Map of Empire / General Info
 WarfareLeisure Activities


In many ways, the Ancient Egpytians spent their leisure hours much as people do today.

Water games

The ancient Egyptians loved to play in the water.
This is natural because they had the river Nile and the weather was very warm

One game which was played on the river consisted of lightweight rafts made out of reeds being punted in the same direction, while the two or three men on each raft tried to push their opponents into the water using their punts!

After they had successfully knocked all the men off a boat, they would either board it, or tip it over.

Also swimming races in the river were very popular.

Music & Dancing
We know that the Egyptians loved listening to music.
Wealthy people threw parties where there were dancing girls.

musicians played instruments such as harps, wooden flutes, cymbals, lutes, shofars (rams' horns) and sistrums (like a tambourine in use)
Board Games
Senet Game
Ancient Egyptians developed the world's first known board games.

Many game boards from ancient Egypt have been found by archaeologists
Board games were very popular and people from all levels of society played them.

he two most well-known games were 'Senet' and 'Mehen'
You can even play Senet online here.
Beer Drinking
Did you know that the Ancient Egyptians knew how to make beer?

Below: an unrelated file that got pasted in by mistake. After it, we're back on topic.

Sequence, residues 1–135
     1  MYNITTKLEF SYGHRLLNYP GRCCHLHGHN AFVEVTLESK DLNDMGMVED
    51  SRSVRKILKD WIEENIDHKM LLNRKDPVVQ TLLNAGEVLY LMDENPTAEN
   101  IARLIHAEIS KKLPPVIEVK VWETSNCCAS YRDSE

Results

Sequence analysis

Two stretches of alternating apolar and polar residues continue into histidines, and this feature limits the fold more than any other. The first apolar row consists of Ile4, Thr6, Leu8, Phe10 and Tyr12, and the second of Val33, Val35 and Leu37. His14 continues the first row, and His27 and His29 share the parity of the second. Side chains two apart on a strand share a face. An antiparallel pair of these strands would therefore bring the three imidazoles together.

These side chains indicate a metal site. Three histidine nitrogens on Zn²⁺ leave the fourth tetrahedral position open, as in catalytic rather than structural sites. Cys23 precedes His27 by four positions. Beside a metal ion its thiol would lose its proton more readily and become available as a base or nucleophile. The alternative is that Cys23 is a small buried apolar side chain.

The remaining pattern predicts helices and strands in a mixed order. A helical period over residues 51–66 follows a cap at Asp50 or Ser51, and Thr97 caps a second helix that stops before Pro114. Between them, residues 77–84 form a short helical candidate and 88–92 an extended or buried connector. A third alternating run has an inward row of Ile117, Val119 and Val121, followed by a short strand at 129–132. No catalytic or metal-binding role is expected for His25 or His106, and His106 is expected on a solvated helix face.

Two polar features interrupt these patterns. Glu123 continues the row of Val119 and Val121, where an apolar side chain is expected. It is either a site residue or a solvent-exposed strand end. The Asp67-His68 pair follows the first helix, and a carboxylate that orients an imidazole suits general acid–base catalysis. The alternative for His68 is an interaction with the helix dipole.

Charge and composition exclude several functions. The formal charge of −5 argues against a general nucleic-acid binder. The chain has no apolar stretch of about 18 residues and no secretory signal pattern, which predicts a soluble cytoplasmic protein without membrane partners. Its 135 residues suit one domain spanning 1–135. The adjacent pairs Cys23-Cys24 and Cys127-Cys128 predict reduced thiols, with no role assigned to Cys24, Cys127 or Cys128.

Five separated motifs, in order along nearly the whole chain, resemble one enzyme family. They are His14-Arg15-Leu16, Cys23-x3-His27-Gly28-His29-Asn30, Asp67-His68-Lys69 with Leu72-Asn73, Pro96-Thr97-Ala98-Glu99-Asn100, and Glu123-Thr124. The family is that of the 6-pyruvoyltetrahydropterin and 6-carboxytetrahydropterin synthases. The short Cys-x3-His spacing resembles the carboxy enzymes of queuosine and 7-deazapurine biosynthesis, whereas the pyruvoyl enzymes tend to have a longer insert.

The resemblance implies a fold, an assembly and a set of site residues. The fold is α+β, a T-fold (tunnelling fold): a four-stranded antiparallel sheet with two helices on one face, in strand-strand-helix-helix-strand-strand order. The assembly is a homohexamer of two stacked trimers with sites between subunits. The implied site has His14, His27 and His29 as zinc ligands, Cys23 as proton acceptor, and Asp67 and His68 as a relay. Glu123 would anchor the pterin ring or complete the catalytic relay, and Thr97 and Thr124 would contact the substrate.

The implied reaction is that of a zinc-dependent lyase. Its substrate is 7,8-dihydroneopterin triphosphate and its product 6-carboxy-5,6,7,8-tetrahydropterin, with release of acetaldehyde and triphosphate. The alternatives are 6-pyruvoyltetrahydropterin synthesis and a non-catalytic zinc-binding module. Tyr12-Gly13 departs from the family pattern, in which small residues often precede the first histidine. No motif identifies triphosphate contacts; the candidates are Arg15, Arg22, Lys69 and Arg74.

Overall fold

They brewed it from malted barley and wheat, warm water and yeast.

The only significant difference from modern beers is that hops were not used to make it taste bitter. Even children would drink it.
Treading Grapes
Egyptians also drank wine made from grapes, dates, pomegranites or other fruit.

This picture shows people treading the grapes to squeeze the juice out.

The ferret was domesticated and used to keep granaries free from rats and mice. Vervet monkeys were kept as pets, as were dogs, cats, ducks and geese. The Nile goose had often the run of the house and the garden in spite of its sometimes vile temper. Some people grew hoopoes, doves and falcons.

Royalty had royal pastimes and royal pets. Ramses II had a tame lion, and Sudanese cheetahs sometimes took the place of the house cat in the king's household.